High rates of urbanization have concentrated housing needs in urban areas. This has resulted in a large‐scale housing and service backlog. The rapid growth in housing demand represents a mammoth task for both the present and future housing policy in South Africa. Local government in an effort to address this challenge has placed a high premium on informal settlement formalization and mixed‐income housing development. The rationale behind these two approaches is to address urban poverty, segregation and redevelopment. The purpose of this paper is to appraise mixed‐income housing development with the objective of integration along racial and social grounds and to denounce the negative perception that the poor and rich cannot live side by side, as well as to provide evidence‐based public‐private partnership (PPP) in development.
The investigation will be based on primary and secondary data with great emphasis on the analysis of the findings of Shift, an NGO, in reviewing the success and challenges of mixed‐income housing development. Both published and unpublished literatures were used equally in the study, as well as focus group discussion and interviews with the beneficiaries as well as the principal developers and City of Johannesburg representatives. These findings will be contextualized to Cosmo City in Johannesburg because this happens to be one of the municipalities with a high rate of migration and attendant housing shortage.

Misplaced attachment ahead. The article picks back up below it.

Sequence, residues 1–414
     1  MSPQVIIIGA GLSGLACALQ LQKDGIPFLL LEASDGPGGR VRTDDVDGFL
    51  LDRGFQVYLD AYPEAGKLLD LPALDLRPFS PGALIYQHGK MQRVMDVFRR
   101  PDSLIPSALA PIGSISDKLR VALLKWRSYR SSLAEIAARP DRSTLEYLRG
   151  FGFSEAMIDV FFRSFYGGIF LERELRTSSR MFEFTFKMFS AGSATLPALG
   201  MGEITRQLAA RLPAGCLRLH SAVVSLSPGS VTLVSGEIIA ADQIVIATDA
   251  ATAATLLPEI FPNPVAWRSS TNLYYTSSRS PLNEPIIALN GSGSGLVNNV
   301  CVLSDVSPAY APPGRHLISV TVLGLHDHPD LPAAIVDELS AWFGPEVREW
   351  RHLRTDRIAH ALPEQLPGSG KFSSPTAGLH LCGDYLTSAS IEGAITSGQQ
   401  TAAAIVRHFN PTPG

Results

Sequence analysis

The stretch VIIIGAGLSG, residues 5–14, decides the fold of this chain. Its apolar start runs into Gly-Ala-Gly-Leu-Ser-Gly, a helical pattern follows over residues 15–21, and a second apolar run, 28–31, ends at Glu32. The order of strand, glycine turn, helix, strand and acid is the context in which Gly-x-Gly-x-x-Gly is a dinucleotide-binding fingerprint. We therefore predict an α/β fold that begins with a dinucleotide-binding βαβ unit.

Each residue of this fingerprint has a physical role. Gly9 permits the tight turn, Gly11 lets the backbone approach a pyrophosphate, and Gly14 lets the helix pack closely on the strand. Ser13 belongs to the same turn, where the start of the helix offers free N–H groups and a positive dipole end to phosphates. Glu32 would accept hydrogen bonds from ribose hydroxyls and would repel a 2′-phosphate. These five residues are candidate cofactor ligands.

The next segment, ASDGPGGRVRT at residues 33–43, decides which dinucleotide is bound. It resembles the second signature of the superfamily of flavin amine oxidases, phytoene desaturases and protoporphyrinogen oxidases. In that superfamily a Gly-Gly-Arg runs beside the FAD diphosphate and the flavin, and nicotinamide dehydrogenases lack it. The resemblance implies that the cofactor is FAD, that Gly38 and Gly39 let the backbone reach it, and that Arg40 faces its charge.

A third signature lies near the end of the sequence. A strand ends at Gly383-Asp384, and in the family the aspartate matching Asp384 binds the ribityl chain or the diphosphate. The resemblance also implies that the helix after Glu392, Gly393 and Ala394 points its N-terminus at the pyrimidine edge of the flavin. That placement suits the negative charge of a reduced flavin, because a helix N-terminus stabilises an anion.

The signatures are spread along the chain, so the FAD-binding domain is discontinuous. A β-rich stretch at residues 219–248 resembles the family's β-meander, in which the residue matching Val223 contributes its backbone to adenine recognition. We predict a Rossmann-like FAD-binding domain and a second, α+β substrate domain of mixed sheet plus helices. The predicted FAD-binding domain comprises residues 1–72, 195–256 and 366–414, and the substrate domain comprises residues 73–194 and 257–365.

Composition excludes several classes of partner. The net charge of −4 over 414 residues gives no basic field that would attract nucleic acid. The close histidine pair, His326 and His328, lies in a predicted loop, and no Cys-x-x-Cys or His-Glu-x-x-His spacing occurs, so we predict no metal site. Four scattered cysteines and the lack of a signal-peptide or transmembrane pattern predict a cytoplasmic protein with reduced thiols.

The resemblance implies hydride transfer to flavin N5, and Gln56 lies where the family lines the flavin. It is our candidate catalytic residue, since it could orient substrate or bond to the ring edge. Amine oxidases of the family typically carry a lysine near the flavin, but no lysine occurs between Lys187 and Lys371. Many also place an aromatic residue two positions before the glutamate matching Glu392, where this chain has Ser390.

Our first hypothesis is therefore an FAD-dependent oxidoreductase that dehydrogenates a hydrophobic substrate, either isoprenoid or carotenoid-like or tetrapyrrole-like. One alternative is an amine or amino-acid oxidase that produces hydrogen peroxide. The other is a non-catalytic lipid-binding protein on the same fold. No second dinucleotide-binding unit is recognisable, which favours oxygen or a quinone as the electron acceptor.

Integration of the poor into the urban system is achievable with effective and efficient PPP. This investigation also finds that the mixed‐income housing development can lead to an inclusive city and bring about change in the paradigm of criminalization of the poor as being not suitable to live side by side with the rich. Poverty and marginalization can be addressed through carefully planned housing typology.
For mixed‐income housing development to be successful and sustainable, this paper shows there is a need for interactive participation of the end user or beneficiaries. Integration along social and racial lines can be achieved through appropriate housing typology. There is a need for inter‐sectoral collaboration and partnership between the public and private sectors in addressing informal settlement challenge and urban poverty in developing countries.
Okechukwu Onatu, G. (2010), "Mixed‐income housing development strategy: Perspective on Cosmo City, Johannesburg, South Africa", International Journal of Housing Markets and Analysis, Vol. 3 No. 3, pp. 203-215. https://doi.org/10.1108/17538271011063870Download as .RIS
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